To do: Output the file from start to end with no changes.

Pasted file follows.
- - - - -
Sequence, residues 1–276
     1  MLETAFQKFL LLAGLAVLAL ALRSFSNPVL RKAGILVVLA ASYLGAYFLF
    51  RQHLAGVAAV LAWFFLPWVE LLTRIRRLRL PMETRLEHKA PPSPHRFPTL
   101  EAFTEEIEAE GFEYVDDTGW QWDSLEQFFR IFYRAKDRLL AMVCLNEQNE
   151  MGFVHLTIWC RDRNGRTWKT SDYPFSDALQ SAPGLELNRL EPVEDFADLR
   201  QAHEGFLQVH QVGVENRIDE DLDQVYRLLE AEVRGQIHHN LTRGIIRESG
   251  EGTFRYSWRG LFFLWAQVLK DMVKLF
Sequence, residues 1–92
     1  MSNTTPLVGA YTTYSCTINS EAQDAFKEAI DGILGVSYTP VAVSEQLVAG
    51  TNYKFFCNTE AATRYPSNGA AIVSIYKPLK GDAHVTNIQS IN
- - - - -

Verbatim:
Sequence, residues 1–276
     1  MLETAFQKFL LLAGLAVLAL ALRSFSNPVL RKAGILVVLA ASYLGAYFLF
    51  RQHLAGVAAV LAWFFLPWVE LLTRIRRLRL PMETRLEHKA PPSPHRFPTL
   101  EAFTEEIEAE GFEYVDDTGW QWDSLEQFFR IFYRAKDRLL AMVCLNEQNE
   151  MGFVHLTIWC RDRNGRTWKT SDYPFSDALQ SAPGLELNRL EPVEDFADLR
   201  QAHEGFLQVH QVGVENRIDE DLDQVYRLLE AEVRGQIHHN LTRGIIRESG
   251  EGTFRYSWRG LFFLWAQVLK DMVKLF
Sequence, residues 1–92
     1  MSNTTPLVGA YTTYSCTINS EAQDAFKEAI DGILGVSYTP VAVSEQLVAG
    51  TNYKFFCNTE AATRYPSNGA AIVSIYKPLK GDAHVTNIQS IN